"It's the economy, stupid." These words were addressed this time to Benjamin Netanyahu rather than to George Bush Sr. They reflect the unexpected result of the Israeli parliamentary elections, with the emergence of the center, represented basically by the Yesh Atid party. It is the revenge of the middle class — a weakened, frustrated, fearful middle class facing a serious economic crisis at home. It was also accentuated by the deepening divide of burden-sharing between the ultra-Orthodox religious parties and the secular ones, the former profiting from exemption from military service and other social benefits.
Avraham Burg has described Israel by saying that the country is becoming a more fundamentalist and less modern society (The New York Times, Aug. 4 ). The message to the returning prime minister is that you can form the government, but you will not be able to govern freely. Would Netanyahu form a large coalition government, bringing on board religious parties, leading to safe immobilism; or, would he choose a compatible alliance government, made of secular parties, a fragile majority government that will also be hostage to finding the minimal common economic priorities and policies that have proven to be key issues. These would be relegated by the second Netanyahu government to a marginal place on his former agenda.
Would such a government encourage the Yesh Atid party to consider the fact that facing the economic crisis and its burdens — in the long term — necessitates working to settle the otherwise shelved Palestinian issue. This would change entirely the strategic environment from one of tension, uncertainty and belligerence — with all of its economic ramifications — to one aimed at achieving comprehensive peace. This would greatly reduce tension and reduce the costs that have been incurred from an ongoing war, helping to stimulate the economy, as called for by Avraham Yehoshua in the French daily Libération on Jan. 30, 2013.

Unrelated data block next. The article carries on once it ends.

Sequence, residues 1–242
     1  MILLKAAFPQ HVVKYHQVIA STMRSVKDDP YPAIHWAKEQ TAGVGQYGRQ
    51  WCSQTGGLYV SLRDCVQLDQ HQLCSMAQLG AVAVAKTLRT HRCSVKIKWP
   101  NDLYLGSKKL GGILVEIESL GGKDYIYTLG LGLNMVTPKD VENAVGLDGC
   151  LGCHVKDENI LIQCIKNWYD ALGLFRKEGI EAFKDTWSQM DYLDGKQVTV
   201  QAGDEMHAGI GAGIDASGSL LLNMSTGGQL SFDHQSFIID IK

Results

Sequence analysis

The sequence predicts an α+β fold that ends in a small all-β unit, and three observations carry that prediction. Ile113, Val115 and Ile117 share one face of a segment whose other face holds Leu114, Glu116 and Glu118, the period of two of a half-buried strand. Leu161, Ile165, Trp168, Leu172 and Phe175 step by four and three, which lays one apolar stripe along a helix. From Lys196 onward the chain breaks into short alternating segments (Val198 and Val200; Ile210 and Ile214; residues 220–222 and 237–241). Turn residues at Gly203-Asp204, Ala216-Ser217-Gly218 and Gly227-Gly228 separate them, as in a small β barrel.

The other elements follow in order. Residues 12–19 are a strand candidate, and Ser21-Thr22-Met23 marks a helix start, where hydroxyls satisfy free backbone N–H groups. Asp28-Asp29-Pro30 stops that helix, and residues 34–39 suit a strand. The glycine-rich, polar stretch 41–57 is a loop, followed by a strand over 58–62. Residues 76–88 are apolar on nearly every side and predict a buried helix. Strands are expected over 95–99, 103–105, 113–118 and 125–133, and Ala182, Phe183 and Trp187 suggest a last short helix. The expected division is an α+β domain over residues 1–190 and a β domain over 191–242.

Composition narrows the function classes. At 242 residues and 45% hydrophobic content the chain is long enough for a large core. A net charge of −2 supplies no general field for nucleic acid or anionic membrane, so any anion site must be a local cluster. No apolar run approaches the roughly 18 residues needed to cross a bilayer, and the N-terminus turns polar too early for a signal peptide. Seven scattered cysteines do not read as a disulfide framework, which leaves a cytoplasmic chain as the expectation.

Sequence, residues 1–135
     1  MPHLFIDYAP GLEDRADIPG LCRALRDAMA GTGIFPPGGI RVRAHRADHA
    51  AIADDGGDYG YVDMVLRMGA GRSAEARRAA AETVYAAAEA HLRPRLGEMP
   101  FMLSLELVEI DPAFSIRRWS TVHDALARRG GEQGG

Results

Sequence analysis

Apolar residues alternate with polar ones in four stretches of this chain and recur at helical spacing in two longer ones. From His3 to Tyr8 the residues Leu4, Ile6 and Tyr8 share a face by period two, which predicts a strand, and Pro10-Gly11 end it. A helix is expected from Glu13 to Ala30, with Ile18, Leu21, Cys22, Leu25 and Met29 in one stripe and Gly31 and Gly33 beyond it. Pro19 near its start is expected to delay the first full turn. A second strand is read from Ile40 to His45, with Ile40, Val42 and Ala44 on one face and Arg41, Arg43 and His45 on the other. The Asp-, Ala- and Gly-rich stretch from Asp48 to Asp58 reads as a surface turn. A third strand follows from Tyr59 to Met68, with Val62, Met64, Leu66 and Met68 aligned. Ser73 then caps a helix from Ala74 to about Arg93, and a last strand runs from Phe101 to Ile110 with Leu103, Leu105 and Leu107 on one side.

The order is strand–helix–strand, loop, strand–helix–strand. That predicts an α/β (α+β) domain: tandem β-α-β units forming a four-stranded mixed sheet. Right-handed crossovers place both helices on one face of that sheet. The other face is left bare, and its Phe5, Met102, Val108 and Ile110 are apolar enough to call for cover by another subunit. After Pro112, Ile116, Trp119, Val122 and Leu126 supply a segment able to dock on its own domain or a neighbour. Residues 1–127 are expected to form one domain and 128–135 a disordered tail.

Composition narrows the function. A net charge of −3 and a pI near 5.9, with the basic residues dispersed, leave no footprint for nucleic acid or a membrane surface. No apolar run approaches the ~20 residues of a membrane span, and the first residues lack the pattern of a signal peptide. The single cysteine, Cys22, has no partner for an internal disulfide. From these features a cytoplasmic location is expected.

By making only minor changes — most probably on the level of discussions — the situation will be the same wine but in new bottles. Israel currently faces a trio of serious issues, but Iran is the only issue being given significant attention as the key security issue in the Middle East. This focus allows Israel to shirk its responsibilities in tackling the other two divisive issues — this time, domestic — in Israel's trio of crises: the confrontation between Israel's secular and religious political constituencies, and the country's deteriorating economic situation.
An economic situation that necessitates a change of economic philosophy and priorities is not an easy one with which to deal. Might the Palestinian issue be lost once more in this new Bermuda Triangle of Israeli politics? For how long can such a thing be sustained without a more complicating return of the conflict to the top of the Israeli political agenda.
Ambassador Nassif Hitti is head of the Arab League Mission in Paris, a permanent observer at UNESCO and a member of the Al-Monitor board of directors. The views he presents here are his alone and do not necessarily reflect the views of these organizations.